Shortly after my third wedding anniversary one year ago, I wrote in the Guardian about the gendered risks associated with my decision not to work while I finished my degree. I had become a de facto housewife, even though I was working toward my career as an economist rather than doing the more traditional housewife work of raising children or supporting a husband.
Ten days after my feminist economic analysis of being a housewife was published, my marriage unexpectedly ended. In the months that followed, I went through the process of divorce and seeking a settlement that would not only support me as I finished my dissertation, but also addressed the inequality in my marriage that was reinforced by traditional gender roles. Going through this process has made it clearer than ever: Women need to move beyond this narrative of a bitchy ex-wife punishing her husband by seeking support and consider that they are owed monetary compensation for the gendered economic effects of marriage and divorce.
The concept of alimony dates back to ancient times and is based on the financial commitment of marriage extending beyond the marriage itself. Although it was originally based on the idea of wives as property of husbands, it can be reimagined as a way to compensate women for the negative economic consequences and unique vulnerability they face in marriage once divorce happens.
It’s no secret that marriage tends to have negative economic consequences for many women, from a marriage pay penalty to the tendency for women to relocate for their husband’s careers more than the other way around (as is the case for academic couples). But these consequences also extend to the aftermath of divorce, where women face negative and prolonged economic consequences. Sociologists Karen Holden and Pamela Smock argue that these negative consequences are only superficially related to the actual divorce event itself. Instead, they’re a result of, as they it put in a co-authored paper, “the division of labor during marriage, lower wages paid to women both during and after marriage, and the lack of adequate post-dissolution transfers.”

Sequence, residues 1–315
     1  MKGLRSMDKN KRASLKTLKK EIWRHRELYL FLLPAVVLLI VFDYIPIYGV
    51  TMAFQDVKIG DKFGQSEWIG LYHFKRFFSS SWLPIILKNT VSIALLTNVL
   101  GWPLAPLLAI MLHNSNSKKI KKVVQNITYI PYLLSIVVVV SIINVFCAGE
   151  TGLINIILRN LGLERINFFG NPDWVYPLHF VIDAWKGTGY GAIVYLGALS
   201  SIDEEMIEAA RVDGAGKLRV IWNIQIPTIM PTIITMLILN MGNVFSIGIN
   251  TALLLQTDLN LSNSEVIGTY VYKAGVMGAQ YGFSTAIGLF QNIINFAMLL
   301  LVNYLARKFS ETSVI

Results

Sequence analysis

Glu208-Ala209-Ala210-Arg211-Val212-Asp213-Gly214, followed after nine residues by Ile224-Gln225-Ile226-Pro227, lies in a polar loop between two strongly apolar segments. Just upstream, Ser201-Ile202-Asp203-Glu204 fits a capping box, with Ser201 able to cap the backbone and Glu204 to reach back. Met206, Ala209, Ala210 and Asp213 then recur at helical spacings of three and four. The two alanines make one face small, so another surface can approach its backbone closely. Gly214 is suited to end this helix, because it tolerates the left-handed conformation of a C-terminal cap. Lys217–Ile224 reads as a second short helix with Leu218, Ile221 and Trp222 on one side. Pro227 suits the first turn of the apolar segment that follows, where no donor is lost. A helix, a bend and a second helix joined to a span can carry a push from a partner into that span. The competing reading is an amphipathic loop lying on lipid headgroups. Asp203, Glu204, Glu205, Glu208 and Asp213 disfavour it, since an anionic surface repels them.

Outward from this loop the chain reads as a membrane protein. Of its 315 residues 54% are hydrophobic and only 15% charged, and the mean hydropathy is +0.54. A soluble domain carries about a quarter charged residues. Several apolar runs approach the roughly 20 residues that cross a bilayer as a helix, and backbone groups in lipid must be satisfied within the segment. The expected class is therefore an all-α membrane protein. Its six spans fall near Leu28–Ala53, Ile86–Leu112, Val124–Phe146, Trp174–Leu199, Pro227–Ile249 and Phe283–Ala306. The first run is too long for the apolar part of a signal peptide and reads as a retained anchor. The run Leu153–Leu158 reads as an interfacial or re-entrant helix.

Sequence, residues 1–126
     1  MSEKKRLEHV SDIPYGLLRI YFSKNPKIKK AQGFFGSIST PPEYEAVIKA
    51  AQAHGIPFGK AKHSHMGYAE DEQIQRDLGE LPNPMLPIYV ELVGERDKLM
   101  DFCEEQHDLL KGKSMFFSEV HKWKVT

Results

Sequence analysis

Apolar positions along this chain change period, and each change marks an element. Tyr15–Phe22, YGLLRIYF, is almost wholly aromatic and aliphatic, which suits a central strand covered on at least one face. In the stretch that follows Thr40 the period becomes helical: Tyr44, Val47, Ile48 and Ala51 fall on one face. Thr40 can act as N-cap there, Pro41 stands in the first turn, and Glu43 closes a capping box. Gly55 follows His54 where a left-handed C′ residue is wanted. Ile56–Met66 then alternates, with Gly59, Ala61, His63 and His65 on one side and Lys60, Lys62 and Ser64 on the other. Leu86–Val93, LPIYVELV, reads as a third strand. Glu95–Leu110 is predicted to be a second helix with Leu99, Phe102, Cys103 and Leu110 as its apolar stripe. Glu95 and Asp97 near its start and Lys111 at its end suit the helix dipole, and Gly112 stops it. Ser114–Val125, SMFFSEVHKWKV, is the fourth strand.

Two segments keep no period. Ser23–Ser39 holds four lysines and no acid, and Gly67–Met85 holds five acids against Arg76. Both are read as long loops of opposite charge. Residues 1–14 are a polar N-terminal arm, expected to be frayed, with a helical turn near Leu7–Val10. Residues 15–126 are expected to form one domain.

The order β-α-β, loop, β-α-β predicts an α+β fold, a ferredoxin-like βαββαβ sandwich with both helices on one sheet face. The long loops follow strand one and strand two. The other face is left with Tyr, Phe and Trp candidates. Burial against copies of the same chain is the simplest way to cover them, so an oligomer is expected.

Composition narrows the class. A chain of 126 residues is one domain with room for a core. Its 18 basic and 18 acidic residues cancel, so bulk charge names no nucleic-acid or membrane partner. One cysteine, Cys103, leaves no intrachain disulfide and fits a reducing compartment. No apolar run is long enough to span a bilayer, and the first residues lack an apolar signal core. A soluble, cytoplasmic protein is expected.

In effect, women are hurt by marriage’s gender roles, economic discrimination against women, and a legal system that fails to adequately address either one.
Although the cultural perception of alimony paints women as vengeful bitches bleeding their ex-husbands dry, in actuality the system does not go far enough. This is acknowledged by Holden and Smock; they claim that there are no adequate financial transfers to women after divorce. The system is based on maintaining the ex-wife’s standard of living before divorce, but it does not take into account the broader economic disadvantages associated with marriage for women.
In my own divorce, I sought a settlement because emotionally it was easier to just get it over with rather than keep up ties through alimony or maintenance. Also, alimony and maintenance would be only temporary until I could support myself, yet requires more work to go through in the legal system.
But this process did not take into account that my relationship had shaped where I went to grad school and my decision to stop working while I finished my dissertation. It also didn’t take into account the ways in which gender influenced those decisions. Men are less likely to take time away from their careers compared to women, which may explain why he was unwilling to follow my career. (Although the difference in labor force attachment between men and women is declining, it still maintains women’s labor force participation at a lower rate than men’s.)
My decision to leave the labor force was easier to do as a woman. Since it’s so much more common, I didn’t get much judgment from others, and I didn’t feel as much pressure to be a breadwinner as he did.
The primary lesson I learned from all this is that no matter what, a woman—even a feminist economist—loses financial stability when she leaves the labor force. No one plans to get divorced, but it happens; a single earner could also lose their job, unexpectedly die or suddenly get sick. But this is why we need to rethink divorce by acknowledging how gender structures shape marriage. Women shouldn’t shy away from bargaining hard for fair support. To do so doesn’t make a person a freeloader—just a person who recognizes structural sexism.
Kate Bahn is the co-editor of the blog Lady Economist and has a PhD in Economics at the New School for Social Research. She has also worked as a researcher for the Schwartz Center for Economic Policy Analysis. Her research and writing focuses on the role of gender in the labor market in the United States.